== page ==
Bottom Line: A simple premise executed with precision, punctuated by memorable action sequences and featuring a great hissable human villain, Train To Busan is a memorable example of how the zombie subgenre still has a lot of life left in it.

Train to Busan screened at the Toronto After Dark Film Festival.




  • I liked it but didn’t love it. Felt inconsistent with how easy/difficult it was to kill zombies with their bare hands.

  • Richter Belmont

    My favourite film of the year, and possibly my favourite zombie/outbreak film!

    I loved how the film was set in a nation that has restrictive gun laws thus making it harder to survive a zombie apocalypse, and much scarier. The unnatural movements of the zombie actors really sold it for me. The action was unrelenting, almost all the protagonists were likeable (rare for a zombie film) and each death was meaningful, the jerk businessman was a great antagonist, and the father/daughter relationship was tear inducing.

    Totally agree with the review! Five baseball bats to the skull!!

    • Saturn

      The English remake would be awesome…….no so sure about the watered down American remake though…….

      (In all seriousness – has it been announced that it’s being remade? Train To Ludlow would be awesome…….).

      • Richter Belmont

        Remake rights have been picked up by a French studio on top of some Hollywood studio. So, there might be both a french and english language remake of the film. Weird.

        Also, it’s been confirmed that a sequel is in the works for the original Korean version.

        • Saturn

          So it’s being remade (twice) and a sequel on the way?
          I’d better sit down and watch the damn movie as I’m still to check it out.
          Is it really “that” good?

          • Richter Belmont

            Most definitely! Check it out when you have a chance. If you like Korean cinema, you’ll like this.

  • Adrian Sewell

    And people say horror films dont have much heart… Best horror film of the year
    and just such an emotionally charged story. had me crying toward the end (i wont spoil it)

    • Joe Lipsett

      That’s interesting. You’re the second person in as many days that’s said that. I think that’s one of the reasons it resonates so well with audiences – you genuinely care when the characters die

  • J Jett

    ok, this movie IS good but it is literally just WWZ: KOREA on a train. if you liked the WWZ movie (which i did) you will like/love this movie. there’s nothing really ground breaking or “OMFG!!” in this movie. again, it is a good film though. definitely worth seeing.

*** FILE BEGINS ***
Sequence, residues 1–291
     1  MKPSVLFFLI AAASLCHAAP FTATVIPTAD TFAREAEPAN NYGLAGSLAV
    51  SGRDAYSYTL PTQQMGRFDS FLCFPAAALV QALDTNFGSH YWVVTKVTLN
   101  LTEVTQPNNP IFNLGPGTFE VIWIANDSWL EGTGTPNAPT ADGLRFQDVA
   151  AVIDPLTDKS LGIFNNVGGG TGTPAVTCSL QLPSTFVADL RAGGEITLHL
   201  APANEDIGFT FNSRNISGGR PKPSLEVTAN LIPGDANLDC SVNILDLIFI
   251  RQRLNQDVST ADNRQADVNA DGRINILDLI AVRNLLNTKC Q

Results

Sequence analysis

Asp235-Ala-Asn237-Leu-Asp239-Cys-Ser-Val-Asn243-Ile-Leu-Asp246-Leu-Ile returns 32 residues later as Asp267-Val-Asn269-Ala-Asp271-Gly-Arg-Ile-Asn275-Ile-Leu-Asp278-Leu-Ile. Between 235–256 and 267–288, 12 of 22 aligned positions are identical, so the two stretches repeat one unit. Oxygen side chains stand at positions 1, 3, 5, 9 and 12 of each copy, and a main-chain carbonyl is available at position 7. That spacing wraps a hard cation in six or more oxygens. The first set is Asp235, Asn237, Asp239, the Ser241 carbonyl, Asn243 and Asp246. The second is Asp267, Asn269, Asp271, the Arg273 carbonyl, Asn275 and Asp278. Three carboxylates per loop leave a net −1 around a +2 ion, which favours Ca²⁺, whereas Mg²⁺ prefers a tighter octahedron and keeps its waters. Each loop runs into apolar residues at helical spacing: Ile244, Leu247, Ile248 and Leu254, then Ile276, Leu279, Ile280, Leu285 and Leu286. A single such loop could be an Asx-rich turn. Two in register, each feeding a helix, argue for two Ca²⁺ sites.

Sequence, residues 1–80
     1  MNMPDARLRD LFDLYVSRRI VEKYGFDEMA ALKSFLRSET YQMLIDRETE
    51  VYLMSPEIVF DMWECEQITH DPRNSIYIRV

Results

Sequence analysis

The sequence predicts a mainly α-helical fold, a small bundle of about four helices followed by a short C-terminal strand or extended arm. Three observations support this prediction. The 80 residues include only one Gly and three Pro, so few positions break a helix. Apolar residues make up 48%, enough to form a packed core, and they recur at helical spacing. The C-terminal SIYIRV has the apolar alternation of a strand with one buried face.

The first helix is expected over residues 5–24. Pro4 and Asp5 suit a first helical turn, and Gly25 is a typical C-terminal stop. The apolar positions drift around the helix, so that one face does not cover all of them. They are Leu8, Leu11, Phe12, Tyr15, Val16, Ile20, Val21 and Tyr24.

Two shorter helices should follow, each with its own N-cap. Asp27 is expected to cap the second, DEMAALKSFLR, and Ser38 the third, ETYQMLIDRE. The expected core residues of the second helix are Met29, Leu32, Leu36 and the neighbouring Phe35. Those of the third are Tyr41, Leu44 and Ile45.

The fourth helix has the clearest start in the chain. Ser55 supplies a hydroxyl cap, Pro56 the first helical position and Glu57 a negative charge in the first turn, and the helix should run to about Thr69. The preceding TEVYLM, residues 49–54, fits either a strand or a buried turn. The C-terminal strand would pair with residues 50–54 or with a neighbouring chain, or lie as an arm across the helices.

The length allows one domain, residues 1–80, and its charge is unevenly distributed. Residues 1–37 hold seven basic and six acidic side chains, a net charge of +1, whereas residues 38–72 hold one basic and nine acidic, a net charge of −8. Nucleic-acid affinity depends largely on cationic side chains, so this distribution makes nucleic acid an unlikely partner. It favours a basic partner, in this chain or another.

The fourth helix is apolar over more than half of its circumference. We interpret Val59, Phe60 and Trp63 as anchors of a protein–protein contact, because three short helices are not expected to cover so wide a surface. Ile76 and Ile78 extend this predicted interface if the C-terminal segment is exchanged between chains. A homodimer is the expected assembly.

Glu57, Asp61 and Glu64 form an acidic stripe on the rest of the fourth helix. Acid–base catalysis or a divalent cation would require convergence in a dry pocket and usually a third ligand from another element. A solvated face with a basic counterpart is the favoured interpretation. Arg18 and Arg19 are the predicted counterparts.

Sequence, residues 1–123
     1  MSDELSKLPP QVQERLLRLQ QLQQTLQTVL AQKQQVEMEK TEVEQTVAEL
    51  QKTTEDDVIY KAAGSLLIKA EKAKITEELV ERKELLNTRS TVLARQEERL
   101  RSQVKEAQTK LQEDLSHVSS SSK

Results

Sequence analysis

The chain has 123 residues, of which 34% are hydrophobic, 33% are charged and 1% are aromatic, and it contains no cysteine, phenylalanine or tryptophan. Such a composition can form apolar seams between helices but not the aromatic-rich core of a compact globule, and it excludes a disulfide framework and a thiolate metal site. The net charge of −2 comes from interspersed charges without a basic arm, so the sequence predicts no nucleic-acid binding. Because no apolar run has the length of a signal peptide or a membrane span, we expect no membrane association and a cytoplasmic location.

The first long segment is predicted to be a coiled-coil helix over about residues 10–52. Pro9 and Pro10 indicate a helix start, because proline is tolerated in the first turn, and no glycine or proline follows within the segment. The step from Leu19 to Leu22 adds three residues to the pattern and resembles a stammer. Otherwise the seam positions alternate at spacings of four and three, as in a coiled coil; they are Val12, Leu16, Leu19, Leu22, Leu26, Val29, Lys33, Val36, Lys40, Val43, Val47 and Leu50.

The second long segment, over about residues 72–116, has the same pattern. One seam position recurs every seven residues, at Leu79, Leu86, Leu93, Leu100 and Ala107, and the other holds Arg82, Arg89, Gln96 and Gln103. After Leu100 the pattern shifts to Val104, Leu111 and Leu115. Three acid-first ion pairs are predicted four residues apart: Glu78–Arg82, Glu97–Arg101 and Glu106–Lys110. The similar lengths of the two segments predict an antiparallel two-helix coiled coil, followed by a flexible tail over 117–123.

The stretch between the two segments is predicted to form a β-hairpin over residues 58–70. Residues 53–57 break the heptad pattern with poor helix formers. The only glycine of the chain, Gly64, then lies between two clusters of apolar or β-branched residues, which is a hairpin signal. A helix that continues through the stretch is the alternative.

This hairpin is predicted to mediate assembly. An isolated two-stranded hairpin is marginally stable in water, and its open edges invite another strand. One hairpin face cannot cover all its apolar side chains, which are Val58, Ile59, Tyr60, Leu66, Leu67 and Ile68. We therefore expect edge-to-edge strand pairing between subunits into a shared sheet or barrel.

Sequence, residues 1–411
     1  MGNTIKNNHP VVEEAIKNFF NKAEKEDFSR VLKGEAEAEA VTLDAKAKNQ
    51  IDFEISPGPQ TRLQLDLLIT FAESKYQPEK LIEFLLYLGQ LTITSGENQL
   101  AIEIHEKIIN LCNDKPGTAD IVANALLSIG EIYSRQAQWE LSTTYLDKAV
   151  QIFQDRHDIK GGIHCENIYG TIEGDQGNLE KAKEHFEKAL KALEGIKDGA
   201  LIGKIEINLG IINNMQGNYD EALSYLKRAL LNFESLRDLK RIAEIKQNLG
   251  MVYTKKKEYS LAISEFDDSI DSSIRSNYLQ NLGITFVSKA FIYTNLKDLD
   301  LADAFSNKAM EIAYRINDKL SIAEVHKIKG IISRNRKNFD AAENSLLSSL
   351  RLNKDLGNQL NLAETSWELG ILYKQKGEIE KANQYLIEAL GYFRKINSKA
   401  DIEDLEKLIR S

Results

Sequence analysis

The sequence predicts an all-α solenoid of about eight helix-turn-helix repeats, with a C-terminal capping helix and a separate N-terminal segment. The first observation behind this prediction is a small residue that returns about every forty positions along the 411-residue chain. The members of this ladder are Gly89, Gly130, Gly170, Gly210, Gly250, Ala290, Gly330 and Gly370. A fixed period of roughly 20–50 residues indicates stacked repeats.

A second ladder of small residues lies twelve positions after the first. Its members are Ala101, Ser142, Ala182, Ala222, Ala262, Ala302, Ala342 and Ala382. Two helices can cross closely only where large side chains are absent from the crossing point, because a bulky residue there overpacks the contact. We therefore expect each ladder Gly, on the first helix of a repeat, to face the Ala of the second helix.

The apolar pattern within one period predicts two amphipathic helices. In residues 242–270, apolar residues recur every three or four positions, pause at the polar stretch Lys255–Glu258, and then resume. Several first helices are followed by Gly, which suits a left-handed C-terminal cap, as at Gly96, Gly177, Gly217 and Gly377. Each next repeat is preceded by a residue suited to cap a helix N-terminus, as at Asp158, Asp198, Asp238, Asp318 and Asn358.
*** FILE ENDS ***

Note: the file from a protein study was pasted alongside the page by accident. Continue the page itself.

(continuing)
• fannypack aficionado

    Good movie, but I went in expecting more from the trailers.

  • Eddie Dutra

    I loved this movie! It was Snowpiercer meets 28 days later. In my top five of the year!

  • salaciousb

    Great to see a zombie film that relies on tension and atmosphere (and character relationships) rather than gore and jump scares. Excellent film!

    • J Jett


  • 110191

    Train To Busan is probably one of the best zombie movies I have seen in years and it’s one of South Korea’s best horror movies to date.

  • Maxime C

    Great take on the genre. Awesome choices in the direction. Nicely done ! Very fun.

  • junior found dead here

    great ending, as usual korean horror movies are so f&%# emotional

  • disqus_uPh3WDxbQy

    Loved the movie and it almost feels like a sequel to WWZ.

  • markajacoby

    Just finished watching this and HOLY S**T!!!! This 100% restored my faith in the zombie genre. Best horror movie of 2016 that I’ve seen. Everything that World War Z wanted to be and wasn’t. AMAZING!!!!!

    p.s. yeah i know i posted this elsewhere but F you. it was that great and i put it in the wrong place!!!!

  • Meredith Carroll

    Watched this last night. Loved it. Loved loved loved loved loved it. It’s been a long time since I’ve seen a zombie movie that had me yelling, “Run run run run RUN!” at my TV so frequently, let alone one that actually made me cry (which I was not expecting at all). Well done Train to Busan, well done.

  • Tommy James

    Packs more excitement and Grade A action sequences into 2 hours than Walking Dead dribbles out in two seasons. This is how you do the zombie apocalypse!